Herbert N. Plage, retired salesman, Delray Beach, Fla., on February 12, 2000. Plage, who left the College before graduation, worked at the New York Stock Exchange and W.S. Tyler & Co. in New York before joining the McGraw-Edison Co. as an account executive. He retired in 1972 and moved from Flushing, N.Y., to Delray Beach.


Emil G. Punzak, retired, Pittsburgh, in 1998.


Julian L. Wishik, retired physician, Montgomery, Ala., on February 19, 2000.


Julian S. Bush, retired attorney, Charleston, S.C., on May 16, 2000. A member of Phi Beta Kappa and Tau Epsilon Phi, Bush became James Kent Scholar at the Law School, where he also edited the Columbia Law Review (1935-36). He graduated in 1936, practiced law in New York, and served in the U.S. Army during World War II. Bush became a partner in the firm of Leventritt, Bush, Lewittes & Bender and later at the firm of Shea and Gould, both in New York. He served as research counsel for the New York State Commission on Estates, an adjunct professor of estate planning at the Columbia Law School, and professor of law in taxation at the NYU Institute on Federal Taxation. He authored numerous articles and books, including Best of Trusts and Estates: Estate Planning (1965). After moving to South Carolina, Bush became a member of the Charleston Tax Council and the Estate Planning Council, and a founder and director of the Estate Planning Institute of the Medical University of South Carolina (MUSC). He was a director of the Charleston Symphony Orchestra, a member of the President’s Advisory Council on Planned Giving of the MUSC, and a member of the Society of American Magicians.


William V. Fritz, retired commodities broker, Oak Brook, Ill., on December 15, 1999. Fritz worked for many years at the Chicago Board of Trade. 1936 Arthur H. Dubin, retired teacher, Delray Beach, Fla., in September 1996.


Hewlett F. Ladd, retired, Sudbury, Mass., on May 12, 1999.

Richard C. Rowland, retired professor, Portland, Ore., on March 14, 2000. Rowland, who was a Kellett fellow from the College, received a second bachelor’s degree from Oxford in 1940 and a D.Phil. in 1957. He taught at the College from 1946 to 1953, then at Rollins College in Winter Park, Fla., from 1955-57. He joined Sweet Briar College in Virginia in 1957, where he established the Asian Studies program, served as chair of the English department, and eventually became Charles A. Dana Professor of English. His many honors included a Ford Fellowship in Asian Studies, a Fulbright lectureship in Taiwan, and election as an honorary member of Phi Beta Kappa, the only honorary membership in the Sweet Briar chapter’s 50-year history. He retired to Portland in 1998.

Burtis F. Vaughan, Jr., retired educator, West Palm Beach, Fla., in September 1998. Vaughan, who was the son of Burtis F. Vaughan ’08, received a master’s from Columbia in 1940. He had taught in several New Hampshire high schools and had been chairman of the foreign languages department at Winnacunnet High School in Hampton, N.H., before his retirement.


Lawrence Eugene Goodman '39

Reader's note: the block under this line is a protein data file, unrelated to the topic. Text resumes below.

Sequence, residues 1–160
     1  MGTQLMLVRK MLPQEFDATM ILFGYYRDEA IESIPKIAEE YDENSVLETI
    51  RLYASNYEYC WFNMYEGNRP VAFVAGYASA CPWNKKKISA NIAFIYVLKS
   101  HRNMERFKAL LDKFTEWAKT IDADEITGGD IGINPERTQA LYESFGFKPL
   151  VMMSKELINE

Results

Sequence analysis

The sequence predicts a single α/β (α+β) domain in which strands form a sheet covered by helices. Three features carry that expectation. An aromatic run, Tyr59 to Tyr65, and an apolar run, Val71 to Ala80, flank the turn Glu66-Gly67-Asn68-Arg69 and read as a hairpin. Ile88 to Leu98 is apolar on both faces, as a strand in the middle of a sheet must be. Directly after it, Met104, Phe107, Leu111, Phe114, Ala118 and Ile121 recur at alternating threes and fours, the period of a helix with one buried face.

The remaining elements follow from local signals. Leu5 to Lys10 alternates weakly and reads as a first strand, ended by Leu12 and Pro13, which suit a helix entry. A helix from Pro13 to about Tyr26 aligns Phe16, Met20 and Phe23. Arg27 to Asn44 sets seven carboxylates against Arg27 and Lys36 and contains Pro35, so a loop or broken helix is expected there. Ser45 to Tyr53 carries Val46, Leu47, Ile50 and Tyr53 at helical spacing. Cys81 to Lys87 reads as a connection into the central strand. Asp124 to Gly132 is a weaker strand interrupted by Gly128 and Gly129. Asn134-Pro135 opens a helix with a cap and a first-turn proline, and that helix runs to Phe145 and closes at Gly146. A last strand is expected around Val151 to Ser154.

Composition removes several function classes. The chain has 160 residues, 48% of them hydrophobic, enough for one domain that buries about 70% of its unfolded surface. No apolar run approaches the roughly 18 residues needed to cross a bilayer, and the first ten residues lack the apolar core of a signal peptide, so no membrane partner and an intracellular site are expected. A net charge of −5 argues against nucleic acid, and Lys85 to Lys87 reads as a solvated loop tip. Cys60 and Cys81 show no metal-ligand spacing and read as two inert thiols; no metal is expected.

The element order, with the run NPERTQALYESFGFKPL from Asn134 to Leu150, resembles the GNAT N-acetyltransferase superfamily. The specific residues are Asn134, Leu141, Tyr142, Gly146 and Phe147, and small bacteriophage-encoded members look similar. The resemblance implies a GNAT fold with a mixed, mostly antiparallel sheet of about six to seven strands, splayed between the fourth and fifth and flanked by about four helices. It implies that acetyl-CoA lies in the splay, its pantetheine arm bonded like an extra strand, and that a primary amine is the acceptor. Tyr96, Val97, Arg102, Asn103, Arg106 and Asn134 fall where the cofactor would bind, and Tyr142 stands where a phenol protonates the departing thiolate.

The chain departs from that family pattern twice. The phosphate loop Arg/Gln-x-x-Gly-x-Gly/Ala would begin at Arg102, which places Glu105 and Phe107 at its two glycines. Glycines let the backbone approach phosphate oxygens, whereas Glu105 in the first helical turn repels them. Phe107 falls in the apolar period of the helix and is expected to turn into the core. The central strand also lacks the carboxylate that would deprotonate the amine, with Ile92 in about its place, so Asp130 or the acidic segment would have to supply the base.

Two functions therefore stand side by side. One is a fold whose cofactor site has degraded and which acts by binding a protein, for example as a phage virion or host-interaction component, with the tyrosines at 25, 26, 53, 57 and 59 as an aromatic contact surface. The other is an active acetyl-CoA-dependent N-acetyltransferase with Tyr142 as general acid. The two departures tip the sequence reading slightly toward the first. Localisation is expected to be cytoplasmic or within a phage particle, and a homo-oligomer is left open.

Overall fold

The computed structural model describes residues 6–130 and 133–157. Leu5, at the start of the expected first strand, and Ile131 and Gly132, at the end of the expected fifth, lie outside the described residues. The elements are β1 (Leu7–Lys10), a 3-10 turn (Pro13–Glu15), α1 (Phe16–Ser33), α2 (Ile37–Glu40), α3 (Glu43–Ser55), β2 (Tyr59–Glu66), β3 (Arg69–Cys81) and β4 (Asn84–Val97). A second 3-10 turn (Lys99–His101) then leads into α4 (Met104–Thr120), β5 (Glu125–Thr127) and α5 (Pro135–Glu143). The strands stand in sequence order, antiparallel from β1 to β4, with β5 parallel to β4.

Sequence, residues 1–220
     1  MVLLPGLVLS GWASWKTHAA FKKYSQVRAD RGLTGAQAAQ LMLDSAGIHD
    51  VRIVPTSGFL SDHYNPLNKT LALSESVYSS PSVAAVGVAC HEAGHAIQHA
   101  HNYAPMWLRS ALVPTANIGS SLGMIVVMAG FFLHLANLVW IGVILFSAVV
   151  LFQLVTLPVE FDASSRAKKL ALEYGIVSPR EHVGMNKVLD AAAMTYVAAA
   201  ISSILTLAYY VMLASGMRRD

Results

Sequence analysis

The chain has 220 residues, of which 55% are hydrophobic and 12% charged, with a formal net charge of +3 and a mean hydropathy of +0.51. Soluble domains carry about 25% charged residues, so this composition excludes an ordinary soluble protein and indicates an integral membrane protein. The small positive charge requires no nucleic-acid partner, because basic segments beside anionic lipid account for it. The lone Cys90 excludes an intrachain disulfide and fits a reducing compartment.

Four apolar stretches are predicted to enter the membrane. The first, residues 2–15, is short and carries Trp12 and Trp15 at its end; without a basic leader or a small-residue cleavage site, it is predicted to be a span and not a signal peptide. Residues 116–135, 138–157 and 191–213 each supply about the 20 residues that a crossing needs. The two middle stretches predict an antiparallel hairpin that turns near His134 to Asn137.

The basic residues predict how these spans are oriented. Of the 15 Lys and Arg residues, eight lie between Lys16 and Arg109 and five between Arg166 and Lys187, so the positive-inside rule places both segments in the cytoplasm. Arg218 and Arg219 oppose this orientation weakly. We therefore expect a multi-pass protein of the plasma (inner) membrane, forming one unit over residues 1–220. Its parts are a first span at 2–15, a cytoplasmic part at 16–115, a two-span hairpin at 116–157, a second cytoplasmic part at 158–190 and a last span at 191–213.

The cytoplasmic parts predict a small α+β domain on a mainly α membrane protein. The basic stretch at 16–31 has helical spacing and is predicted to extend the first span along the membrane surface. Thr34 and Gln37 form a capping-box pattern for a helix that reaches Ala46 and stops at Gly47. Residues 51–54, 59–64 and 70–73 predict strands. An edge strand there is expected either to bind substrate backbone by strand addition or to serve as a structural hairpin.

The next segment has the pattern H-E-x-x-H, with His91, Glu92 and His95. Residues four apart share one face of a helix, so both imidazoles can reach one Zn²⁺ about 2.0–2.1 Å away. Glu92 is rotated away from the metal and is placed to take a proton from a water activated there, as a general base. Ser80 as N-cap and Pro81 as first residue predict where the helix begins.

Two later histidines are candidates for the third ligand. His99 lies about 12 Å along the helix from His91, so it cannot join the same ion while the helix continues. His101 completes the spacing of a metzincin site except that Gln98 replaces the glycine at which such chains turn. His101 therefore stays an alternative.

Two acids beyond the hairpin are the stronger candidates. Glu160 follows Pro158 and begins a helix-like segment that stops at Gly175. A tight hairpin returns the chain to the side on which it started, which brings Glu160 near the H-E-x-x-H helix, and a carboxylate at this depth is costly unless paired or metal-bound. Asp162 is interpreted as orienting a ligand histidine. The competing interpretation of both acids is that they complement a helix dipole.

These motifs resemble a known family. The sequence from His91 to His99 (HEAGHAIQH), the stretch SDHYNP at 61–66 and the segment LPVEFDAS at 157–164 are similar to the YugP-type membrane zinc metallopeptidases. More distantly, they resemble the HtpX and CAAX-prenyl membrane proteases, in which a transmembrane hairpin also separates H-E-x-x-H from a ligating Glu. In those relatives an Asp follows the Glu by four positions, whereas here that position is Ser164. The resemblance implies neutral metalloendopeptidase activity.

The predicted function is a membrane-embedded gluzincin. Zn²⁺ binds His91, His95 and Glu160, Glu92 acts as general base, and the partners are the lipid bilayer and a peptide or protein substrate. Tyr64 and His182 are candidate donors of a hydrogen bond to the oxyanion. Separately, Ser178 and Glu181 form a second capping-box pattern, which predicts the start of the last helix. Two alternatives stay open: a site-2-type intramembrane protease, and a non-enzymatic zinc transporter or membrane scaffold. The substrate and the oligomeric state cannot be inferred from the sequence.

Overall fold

Lawrence Eugene Goodman, engineer, College Station, Texas, on April 17, 2000. The son of Joseph Goodman, a 1898 School of Mines graduate who became N.Y.C. Mayor Fiorello LaGuardia’s Commissioner of Water, Gas and Electricity, Lawrence Goodman entered the College at 14 after graduating from Townsend Harris High School. At the College, he was president of the Jewish Students Society. Goodman completed a B.S. at the Engineering School in 1940, and one of his first engineering projects was a pedestrian footbridge (still in use) connecting Ward’s Island with Manhattan. He earned a master’s in engineering from the University of Illinois in 1942. After the Japanese attack on Pearl Harbor in 1941 Goodman returned to Columbia, where he worked with Professor Ray Mindlin to develop the radio proximity anti-aircraft fuse and its radar-controlled director. As a lieutenant in the U.S. Navy, Goodman helped install these devices — which provided the first nighttime defense against kamikaze attacks — on the battleship Missouri, and supervised their use during the battles of Iwo Jima and Okinawa. (The devices were also used successfully in the European theatre.) Goodman completed a doctorate in applied mechanics at Columbia in 1948. He taught at the University of Illinois and then at the University of Minnesota at Minneapolis, where he became the James Record Professor of Civil Engineering and chair of the Civil and Mineral Engineering Department (1965-72). With William Warner, Goodman published two books on Newtonian mechanics. In 1990, the American Society of Civil Engineers awarded him the Newmark Gold Medal for “outstanding contributions in structural engineering and applied mechanics” and for “his special dedication both in teaching theoretical advances and in instilling professional responsibility in his students.” Goodman, who had retired from the University of Minnesota, was active as a consulting engineer for the Xerxes Corporation at the time of his death. A loyal alumnus, Goodman had attended his 60th reunion at Arden House in October 1999.